If CBS and HBO are going to charge people for broadband access to their programs, why won’t CBS and HBO let their cable partners offer their subscribers the same option – to choose to pay for CBS or HBO separately?
Neither the American Cable Association nor its constituencies are ever going to help swing an election, which means the ACA doesn’t have as much political pull as it might desire. On the flip side, that gives ACA president Matt Polka and his colleagues the impunity to say things that aren’t politically expedient, such as, “ACA has a simple message for CBS: Why won’t you give cable subscribers the same rights you’re evidently giving broadband customers under the ‘CBS All Access’ plan?”
Yeah, why won’t you?
We know the answer, of course. Today, cable operators have to run local broadcast stations, and broadcasters are making them pay ever more dearly for the privilege with each successive retransmission consent contract. Everybody suspects that broadcasters will make much less money if viewers get to choose to pay for each of the major broadcast networks, because everyone expects that tens and tens of millions of viewers won’t.
Sens. Jay Rockefeller and John Thune were proposing giving viewers this choice just a few weeks ago with their Local Choice rider to the STAVRA (formerly STELA) bill. It was an idea so heinous and repugnant, so untenable, so perverse, that Rockefeller and Thune withdrew it rather than offend their Congressional brethren.
And here we have CBS doing it. (Let’s not forget that CBS is charging for something it otherwise gives away for free. What a gift broadband is, no?)
So CBS plans to charge $6 a month for broadband access. Add in Hulu+, in which ABC, NBC, Fox and CW participate, at $8 a month, and you get the broadcast networks for $14. Unless CBS is successful, which will doom Hulu+, as each of the participating networks pulls out of the partnership as soon as contractually possible, so that they too can get $6 a month, instead of just $2 or thereabouts.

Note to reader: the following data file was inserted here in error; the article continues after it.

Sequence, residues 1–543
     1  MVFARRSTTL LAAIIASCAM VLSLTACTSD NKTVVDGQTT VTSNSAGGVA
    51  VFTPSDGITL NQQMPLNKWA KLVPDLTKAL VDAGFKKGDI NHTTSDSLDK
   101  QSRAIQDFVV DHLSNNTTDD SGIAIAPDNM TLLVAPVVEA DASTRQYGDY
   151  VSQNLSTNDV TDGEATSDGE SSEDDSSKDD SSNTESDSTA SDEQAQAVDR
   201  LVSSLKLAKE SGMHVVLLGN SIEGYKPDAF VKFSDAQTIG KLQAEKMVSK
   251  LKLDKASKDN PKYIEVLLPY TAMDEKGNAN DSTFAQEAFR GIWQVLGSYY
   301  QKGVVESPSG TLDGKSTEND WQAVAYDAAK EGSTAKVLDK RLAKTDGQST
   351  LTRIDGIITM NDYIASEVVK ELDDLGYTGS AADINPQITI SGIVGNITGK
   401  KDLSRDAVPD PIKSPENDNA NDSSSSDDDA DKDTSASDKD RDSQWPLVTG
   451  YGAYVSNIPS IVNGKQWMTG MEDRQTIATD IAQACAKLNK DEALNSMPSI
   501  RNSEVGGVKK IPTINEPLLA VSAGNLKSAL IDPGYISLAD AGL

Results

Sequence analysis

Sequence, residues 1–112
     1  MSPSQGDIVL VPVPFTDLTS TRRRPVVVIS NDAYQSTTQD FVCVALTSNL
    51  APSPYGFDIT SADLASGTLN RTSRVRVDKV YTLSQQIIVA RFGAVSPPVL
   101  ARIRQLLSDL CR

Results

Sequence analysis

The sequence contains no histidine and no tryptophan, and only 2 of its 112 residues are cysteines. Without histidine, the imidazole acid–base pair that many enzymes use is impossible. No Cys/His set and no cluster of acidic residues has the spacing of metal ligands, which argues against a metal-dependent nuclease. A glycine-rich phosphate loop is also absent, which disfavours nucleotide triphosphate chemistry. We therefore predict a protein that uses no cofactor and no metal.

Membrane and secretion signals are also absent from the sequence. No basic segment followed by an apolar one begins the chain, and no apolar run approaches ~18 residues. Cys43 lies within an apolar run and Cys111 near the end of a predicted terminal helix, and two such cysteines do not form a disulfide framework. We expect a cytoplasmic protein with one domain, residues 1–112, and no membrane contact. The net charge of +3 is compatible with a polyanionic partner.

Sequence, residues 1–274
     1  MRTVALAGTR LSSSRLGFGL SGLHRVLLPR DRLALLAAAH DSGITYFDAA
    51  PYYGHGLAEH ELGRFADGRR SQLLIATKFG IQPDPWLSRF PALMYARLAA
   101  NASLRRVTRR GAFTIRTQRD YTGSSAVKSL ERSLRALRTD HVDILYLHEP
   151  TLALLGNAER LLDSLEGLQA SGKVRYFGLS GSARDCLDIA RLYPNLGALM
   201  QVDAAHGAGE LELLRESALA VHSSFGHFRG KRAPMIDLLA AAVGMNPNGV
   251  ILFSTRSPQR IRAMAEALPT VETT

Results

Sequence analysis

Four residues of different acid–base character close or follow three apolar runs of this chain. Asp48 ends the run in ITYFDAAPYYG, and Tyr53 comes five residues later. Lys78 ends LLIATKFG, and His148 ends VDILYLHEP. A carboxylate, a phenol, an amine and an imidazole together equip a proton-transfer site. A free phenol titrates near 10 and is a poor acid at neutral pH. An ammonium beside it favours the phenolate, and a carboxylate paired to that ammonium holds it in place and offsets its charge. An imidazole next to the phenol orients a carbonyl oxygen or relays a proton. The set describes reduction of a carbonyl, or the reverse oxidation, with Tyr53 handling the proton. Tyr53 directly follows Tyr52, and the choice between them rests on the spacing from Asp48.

So it’s not unreasonable to expect that the average viewer might eventually have to shell out $30 a month for the broadcast channels, and we haven’t even begun to consider the cable channels.
Add in HBO for $15 a month (that’s a guess), and now that HBO has gone first, expect everyone else who can get away with it to follow suit. CBS’s Showtime for another $6 or $8 a month? AMC for another $12 or $15 a month? FX for $10 a month? MTV, and VH1 and Nickelodeon for $12 each?
It’s easy to imagine viewers might end up paying more for 8 channels in the near future than they do now for 300. And what can ESPN get? $50 a month? $100?
Some people are going to love a la carte.
Now consider the hundreds of channels that don’t have quite the viewership numbers to sustain a business selling subscriptions. Some people expect a lot of the marginal channels will die.
As likely, however, is the possibility that cable operators will keep offering bundles of hundreds of these channels, supplemented by the most popular channels, which will carry a separate, a la carte subscription fee.
It’s easy to imagine a cable operator offering 250 or 300 of the lesser-watched channels, plus any two, five, or 10 a la carte channels for $15/month, $25/month, or $50 month, respectively, to help people keep their a la carte prices down.
It’s also easy to imagine a cable tier of broadcast channels, priced at a discount to the $6 per channel the broadcasters themselves would charge. The broadcasters would have to compromise, however, so there’s that to consider.
One other thing to keep in mind: when broadcasters have retrans arguments with cable operators, they are no longer just blacking out TV signals, they’re also getting away with blacking out broadband access.
However this plays out, it’s not going to be easy, or pretty.
Filed Under: Industry regulations